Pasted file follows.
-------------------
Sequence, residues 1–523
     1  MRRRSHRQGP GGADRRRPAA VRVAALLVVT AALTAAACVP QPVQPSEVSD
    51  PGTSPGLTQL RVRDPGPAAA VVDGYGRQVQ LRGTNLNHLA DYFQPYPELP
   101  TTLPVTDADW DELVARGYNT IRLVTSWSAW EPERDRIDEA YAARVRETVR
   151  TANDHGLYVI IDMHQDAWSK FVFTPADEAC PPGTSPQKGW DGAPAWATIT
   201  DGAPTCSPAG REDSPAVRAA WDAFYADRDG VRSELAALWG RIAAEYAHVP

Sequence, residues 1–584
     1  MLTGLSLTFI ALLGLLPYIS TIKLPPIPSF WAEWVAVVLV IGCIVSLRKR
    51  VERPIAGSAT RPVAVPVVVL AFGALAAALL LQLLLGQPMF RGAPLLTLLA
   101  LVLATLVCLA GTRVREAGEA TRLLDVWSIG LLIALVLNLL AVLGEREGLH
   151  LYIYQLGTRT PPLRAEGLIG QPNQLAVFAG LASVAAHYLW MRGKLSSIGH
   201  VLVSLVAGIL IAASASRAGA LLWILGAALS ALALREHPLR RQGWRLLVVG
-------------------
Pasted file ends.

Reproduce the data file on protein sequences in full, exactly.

Sequence, residues 1–523
     1  MRRRSHRQGP GGADRRRPAA VRVAALLVVT AALTAAACVP QPVQPSEVSD
    51  PGTSPGLTQL RVRDPGPAAA VVDGYGRQVQ LRGTNLNHLA DYFQPYPELP
   101  TTLPVTDADW DELVARGYNT IRLVTSWSAW EPERDRIDEA YAARVRETVR
   151  TANDHGLYVI IDMHQDAWSK FVFTPADEAC PPGTSPQKGW DGAPAWATIT
   201  DGAPTCSPAG REDSPAVRAA WDAFYADRDG VRSELAALWG RIAAEYAHVP

Sequence, residues 1–584
     1  MLTGLSLTFI ALLGLLPYIS TIKLPPIPSF WAEWVAVVLV IGCIVSLRKR
    51  VERPIAGSAT RPVAVPVVVL AFGALAAALL LQLLLGQPMF RGAPLLTLLA
   101  LVLATLVCLA GTRVREAGEA TRLLDVWSIG LLIALVLNLL AVLGEREGLH
   151  LYIYQLGTRT PPLRAEGLIG QPNQLAVFAG LASVAAHYLW MRGKLSSIGH
   201  VLVSLVAGIL IAASASRAGA LLWILGAALS ALALREHPLR RQGWRLLVVG